And then a scholar named Gaye Tuchman in the late 1970s took this idea even further when she talked about the portrayal of women. And she said, you know what? It’s not just that women are only portrayed in like three ways on American television, but the problem is that actually those portrayals are serving to keep women subordinate in society. That, to me, is so powerful. So it’s never just the idea that, you know, we only see women in five different roles: mother, hot sidekick, cute date. Right? But we never see women in their full power. When we think about the idea that women over age 50 in the United States hold dominant amounts of economic power, political power, social power, the idea that we were never seeing fully empowered, divorced, badass women who are sexy and smart and nurturing and also good at their jobs. And they don’t have to pick any one of those things. That nuance is so meaningful for the thousands of women who might see themselves in a really nuanced, messy portrayal like that. And I would say that is breaking the symbolic annihilation of women in American entertainment. 

GABE GONZÁLEZ: That is such a potent term. And I think it speaks to this question that folks have. Right. How influential is what we see on TV and the way we live our lives and operate and think of society.

CATY BORUM: I always get frustrated when we only talk about representation in terms of numbers. First of all, that’s a start. We do need to do that. But we really have to get much more nuanced in order to understand that. So to take Pam Adlon and Better Things as a really prime example of this. So decades ago, women could not get divorced because they would literally lose their children. They had no legal rights, they had no financial freedom. So when Pam Adlon comes along and the entire show is she is post-divorce, she is living her life. She is the wage earner and she’s not, by the way, trying to get re-coupled. She said in our interview that one of the most punk rock decisions she made was not to chase a man during the show. The reason this is so meaningful is because other depictions of women who are divorced over a certain age in American television have tended to fall on these tropes that the woman can’t survive without alimony. And by the way, we’re talking about heterosexual marriage. Let me just go ahead and name the bias here, right, of the classic portrayal. And so there’s this kind of victimhood that’s constantly part of the story. And Pam Adlon, by making this a really huge through line that is none of those things, takes this radical shift toward what is actually the reality, which is that 70% of divorces in the United States are initiated by women, and that has a lot to do with their economic power and their social power. So when we go back to the idea of representation and how, you know, looking beyond the numbers is so meaningful, she made a show about nuance and details, and I love that she says that she’s making a show about the mundanity. And I would argue that that is where the true power of representation, at least insofar as images of women are concerned. That is where the radical change can happen. 

GABE GONZÁLEZ: Well, Caty, thank you so much for hanging out with us a little bit longer this episode and breaking down some of the themes you talked about with Pamela. I really appreciate you bringing your insight and getting a little more of an academic angle on this. I learned some new terminology today. I’m very excited to deploy in the real world.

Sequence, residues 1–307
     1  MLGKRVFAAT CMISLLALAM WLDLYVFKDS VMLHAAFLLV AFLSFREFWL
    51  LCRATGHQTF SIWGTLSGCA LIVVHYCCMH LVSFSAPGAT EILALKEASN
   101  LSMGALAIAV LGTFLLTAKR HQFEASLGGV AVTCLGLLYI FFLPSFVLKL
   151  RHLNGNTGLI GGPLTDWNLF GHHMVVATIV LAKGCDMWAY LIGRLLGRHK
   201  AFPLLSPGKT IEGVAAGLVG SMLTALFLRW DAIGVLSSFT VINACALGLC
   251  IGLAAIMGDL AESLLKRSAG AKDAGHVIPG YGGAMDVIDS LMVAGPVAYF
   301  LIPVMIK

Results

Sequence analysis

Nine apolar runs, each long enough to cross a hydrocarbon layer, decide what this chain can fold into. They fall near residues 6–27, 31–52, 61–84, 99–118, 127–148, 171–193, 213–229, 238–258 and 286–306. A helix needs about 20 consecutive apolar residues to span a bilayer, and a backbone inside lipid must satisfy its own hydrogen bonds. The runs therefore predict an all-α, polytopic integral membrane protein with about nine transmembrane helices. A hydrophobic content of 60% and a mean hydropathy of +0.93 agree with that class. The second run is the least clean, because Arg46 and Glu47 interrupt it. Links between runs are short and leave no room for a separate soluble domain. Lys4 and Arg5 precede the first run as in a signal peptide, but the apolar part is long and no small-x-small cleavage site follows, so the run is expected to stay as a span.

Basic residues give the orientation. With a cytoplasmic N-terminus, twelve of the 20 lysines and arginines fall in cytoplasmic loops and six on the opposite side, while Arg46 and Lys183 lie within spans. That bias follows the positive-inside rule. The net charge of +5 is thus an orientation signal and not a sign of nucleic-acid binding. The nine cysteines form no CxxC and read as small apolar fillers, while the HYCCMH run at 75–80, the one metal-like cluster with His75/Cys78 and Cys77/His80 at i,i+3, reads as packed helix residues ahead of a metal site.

CATY BORUM: I love it. 

GABE GONZÁLEZ: All right. Perfect. Well, thank you again, Caty. Appreciate it. 

CATY BORUM: Thank you. 

GABE GONZÁLEZ: Today’s interviews were a journey and I will gladly follow Pamela and or Caty anywhere, anytime. Part of what makes Pamela’s comedy resonate with audiences is how deeply her own life is woven into the work. Today’s interview almost felt like a scrapbook of Pamela’s life experiences on and off set. But it’s precisely those personal anecdotes: the struggles, the growth, the relationships that offer insight into her comedy. It’s the undercurrent that propels Better Things, and all her comedy projects in a way that feels not only confessional, but daring and unapologetic. We are almost at the end of our time together and we’re not waiting on anybody’s kids. But before we go, the Peabody Awards are decided unanimously. So to close out our episode, I bring you We Disrupt this Broadcast’s Unanimous Decision where we unanimously pick the most disruptive line of the day. 

PAMELA ADLON: She sits down in the chair. She’s like, I’m 65 years old and I’m having the best time of my life. 

GABE GONZÁLEZ: Next time on We Disrupt This Broadcast, we talk to writers Bobby Wilson and Ryan Redcorn from the two-time Peabody Award-winning series Reservation Dogs

RYAN REDCORN: The ability to do that in the face of everything else, like is the power. You can take away the land, you can take away resources, you can take away all this stuff, but you won’t be able to take away our ability to laugh at you or laugh at each other. That is at the core of our community spirit.

GABE GONZÁLEZ: We Disrupt This Broadcast is a Peabody and Center for Media and Social Impact production, hosted by me, Gabe González, with on air contributions from Caty Borum, Jeffrey Jones, and Joyelle Nicole Johnson. This show is brought to you by executive producers, Caty Borum, Jeffrey Jones, and Bethany Hall. Producer, Jordana Jason. Writers, Sasha Stewart, Jordana Jason, Bethany Hall, Jennifer Keishin-Armstrong, and myself, Gabe González. Consulting producer: Jennifer Keishin-Armstrong. Associate producer: Bella Green. Graphic designer: Olivia Klaus. Operations producer: Varsha Ramani. The marketing and communications team: Christine Drayer and Tunisia Singleton. From PRX, the team is: Terrence Bernardo, Jennie Cataldo, Morgan Church, Edwin Ochoa, and Amber Walker. The executive producer of PRX Productions is Jocelyn Gonzales.